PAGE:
Intratec Chemical Process Library is the first free online encyclopedia of chemical process technologies. Our Library covers not only processes description themselves, but also the economics surrounding chemicals production, providing real-world knowledge on the production of several chemical commodities. Click here to check all chemicals covered.
In this page you will find free data about Butanediol, including:
- What is Butanediol
- How to make Butanediol
- Butanediol uses and applications
This page presents brief synopsis of Butanediol production technology, describing, in a concise way, relevant technical and economic aspects. Each manufacturing process description will consist of:
- Major process steps
- Simplified, schematic flow diagram & key equipment
- Important safety or environmental considerations
- Economic perspective, comprising capital expenditures and/or operating expenses
All content from Intratec's Chemical Process Library was produced based on reports published by Intratec. To learn more about Butanediol production processes presented below and others examined in Intratec reports, click here.
1,4-Butanediol Manufacture from Bio-Succinic Acid
The compound 1,4-butanediol (BDO) is a versatile intermediate for the chemical industry. Its largest derivative product is tetrahydrofuran (THF), which is used to make spandex fibers, resins, solvents and printing inks. The second largest product is polybutylene terephthalate (PBT), which is used to make high-performance materials, electronics and automotive equipment.
BDO can be produced from different technologies and raw materials. The conventional method for manufacturing BDO is the Reppe process, starting from acetylene. Other processes use propylene oxide, maleic anhydride, 1,3-butadiene or n-butane as starting points. The newest technologies being developed for BDO are bio-based pathways, which mostly rely on bio-based succinic acid derived from biomass or a sugar substrate.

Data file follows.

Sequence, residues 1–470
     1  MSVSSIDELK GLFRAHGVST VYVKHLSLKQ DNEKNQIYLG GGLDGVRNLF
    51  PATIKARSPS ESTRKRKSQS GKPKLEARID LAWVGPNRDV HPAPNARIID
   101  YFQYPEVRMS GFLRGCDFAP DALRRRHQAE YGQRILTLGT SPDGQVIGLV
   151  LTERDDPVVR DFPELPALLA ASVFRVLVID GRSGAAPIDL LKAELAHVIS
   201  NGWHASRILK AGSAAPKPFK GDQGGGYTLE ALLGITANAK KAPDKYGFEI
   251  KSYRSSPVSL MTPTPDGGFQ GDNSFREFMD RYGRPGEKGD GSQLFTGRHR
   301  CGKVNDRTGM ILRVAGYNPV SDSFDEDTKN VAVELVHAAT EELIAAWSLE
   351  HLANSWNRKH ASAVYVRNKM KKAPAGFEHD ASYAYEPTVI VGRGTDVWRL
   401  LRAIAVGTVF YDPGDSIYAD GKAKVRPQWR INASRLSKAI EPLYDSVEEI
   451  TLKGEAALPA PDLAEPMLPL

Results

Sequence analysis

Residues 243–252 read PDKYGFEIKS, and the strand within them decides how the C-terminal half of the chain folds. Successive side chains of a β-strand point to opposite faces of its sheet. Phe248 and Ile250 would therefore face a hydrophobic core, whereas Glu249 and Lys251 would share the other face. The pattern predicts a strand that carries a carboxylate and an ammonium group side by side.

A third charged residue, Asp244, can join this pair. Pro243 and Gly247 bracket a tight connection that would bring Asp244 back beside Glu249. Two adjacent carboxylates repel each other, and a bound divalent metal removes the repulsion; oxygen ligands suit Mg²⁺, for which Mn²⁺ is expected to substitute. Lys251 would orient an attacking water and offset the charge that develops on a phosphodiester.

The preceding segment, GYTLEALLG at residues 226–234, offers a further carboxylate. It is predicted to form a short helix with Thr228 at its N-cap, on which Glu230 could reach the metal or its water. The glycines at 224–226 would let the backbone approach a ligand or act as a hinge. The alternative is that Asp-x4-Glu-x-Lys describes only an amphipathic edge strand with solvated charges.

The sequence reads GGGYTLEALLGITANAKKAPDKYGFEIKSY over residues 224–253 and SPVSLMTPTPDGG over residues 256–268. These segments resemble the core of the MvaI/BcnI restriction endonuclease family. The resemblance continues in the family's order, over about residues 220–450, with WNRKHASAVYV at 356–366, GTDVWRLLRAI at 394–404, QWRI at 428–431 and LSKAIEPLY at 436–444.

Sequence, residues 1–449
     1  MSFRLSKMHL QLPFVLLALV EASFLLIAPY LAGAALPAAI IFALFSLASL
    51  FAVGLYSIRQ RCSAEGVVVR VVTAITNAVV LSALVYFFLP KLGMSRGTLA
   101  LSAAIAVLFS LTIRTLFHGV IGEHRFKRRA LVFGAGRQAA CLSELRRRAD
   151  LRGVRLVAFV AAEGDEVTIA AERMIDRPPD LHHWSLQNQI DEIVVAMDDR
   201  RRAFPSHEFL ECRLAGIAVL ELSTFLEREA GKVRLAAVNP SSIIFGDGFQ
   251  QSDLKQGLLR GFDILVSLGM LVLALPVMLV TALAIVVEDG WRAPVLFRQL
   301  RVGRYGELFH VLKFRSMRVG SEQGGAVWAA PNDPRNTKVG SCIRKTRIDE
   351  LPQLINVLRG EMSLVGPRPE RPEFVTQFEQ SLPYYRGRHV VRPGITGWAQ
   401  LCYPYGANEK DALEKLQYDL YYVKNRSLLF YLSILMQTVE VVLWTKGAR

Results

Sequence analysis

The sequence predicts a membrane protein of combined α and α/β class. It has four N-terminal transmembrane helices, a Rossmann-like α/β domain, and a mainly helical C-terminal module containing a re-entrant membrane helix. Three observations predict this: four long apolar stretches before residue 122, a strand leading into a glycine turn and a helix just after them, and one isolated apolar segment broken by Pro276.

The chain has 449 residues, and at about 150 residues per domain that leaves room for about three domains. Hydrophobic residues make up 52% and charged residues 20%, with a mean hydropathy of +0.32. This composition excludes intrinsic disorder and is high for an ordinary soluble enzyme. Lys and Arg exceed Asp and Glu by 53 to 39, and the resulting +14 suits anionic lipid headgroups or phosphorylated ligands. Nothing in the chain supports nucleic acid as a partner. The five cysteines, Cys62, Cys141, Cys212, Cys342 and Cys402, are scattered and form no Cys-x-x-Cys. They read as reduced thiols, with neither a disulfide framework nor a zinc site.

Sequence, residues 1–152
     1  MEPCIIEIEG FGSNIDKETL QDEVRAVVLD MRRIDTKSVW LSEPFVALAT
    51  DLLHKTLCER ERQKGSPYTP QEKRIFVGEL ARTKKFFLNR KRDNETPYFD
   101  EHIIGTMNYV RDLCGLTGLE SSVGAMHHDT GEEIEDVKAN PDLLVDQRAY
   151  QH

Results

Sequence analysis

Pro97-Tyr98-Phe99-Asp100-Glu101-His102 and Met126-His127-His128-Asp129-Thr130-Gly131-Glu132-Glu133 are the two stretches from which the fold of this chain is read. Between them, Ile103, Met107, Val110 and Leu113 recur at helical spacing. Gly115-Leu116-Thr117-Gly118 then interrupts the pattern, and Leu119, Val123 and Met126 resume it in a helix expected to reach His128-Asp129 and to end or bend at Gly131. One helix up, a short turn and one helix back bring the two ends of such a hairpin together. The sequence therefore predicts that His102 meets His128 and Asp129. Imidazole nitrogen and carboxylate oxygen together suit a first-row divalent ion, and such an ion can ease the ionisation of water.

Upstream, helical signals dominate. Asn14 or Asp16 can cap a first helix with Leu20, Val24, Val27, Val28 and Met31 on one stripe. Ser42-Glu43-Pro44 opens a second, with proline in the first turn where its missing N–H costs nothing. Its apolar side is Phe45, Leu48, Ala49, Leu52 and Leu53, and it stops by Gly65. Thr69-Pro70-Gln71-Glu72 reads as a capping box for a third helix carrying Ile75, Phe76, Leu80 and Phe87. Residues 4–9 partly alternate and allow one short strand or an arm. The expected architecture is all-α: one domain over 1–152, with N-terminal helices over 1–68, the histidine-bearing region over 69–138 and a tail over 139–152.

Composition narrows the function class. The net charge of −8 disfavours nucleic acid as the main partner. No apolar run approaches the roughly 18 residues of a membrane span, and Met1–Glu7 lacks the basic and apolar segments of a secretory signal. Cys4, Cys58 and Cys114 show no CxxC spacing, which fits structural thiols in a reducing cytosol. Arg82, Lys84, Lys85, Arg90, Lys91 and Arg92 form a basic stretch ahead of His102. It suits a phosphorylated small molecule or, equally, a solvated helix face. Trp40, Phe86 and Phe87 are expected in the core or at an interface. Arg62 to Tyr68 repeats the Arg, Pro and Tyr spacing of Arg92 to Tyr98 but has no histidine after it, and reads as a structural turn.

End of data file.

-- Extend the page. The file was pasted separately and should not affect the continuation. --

Succinic acid is a platform chemical that can be used to produce many products. However, its high cost of production from petroleum raw sources limits its use to specific applications (such as pharmaceuticals and food additives). According to the U.S. Dept. of Energy (DOE), bio-succinic acid is a renewable building-block chemical with great potential for the future.
The process depicted in the flowsheet was compiled based on a U.S. patent published by BioAmber Inc. (Montreal, Canada; www.bio-amber.com; U.S. patent no. 2011/0245515). The patent discloses details about the initial reaction, while the separation process was conceived by Intratec and is based on well-known practices.
A solution of bio-succinic acid in water is pre-heated and sent to the fixed-bed hydrogenation reactor. Hydrogen is compressed and also fed in excess to the reactor. The process uses a bimetallic catalyst consisting of metals (including ruthenium, rhenium, tin and others) on a carbon support.
The exothermic reaction product is ...
The product from the flash vessels is ...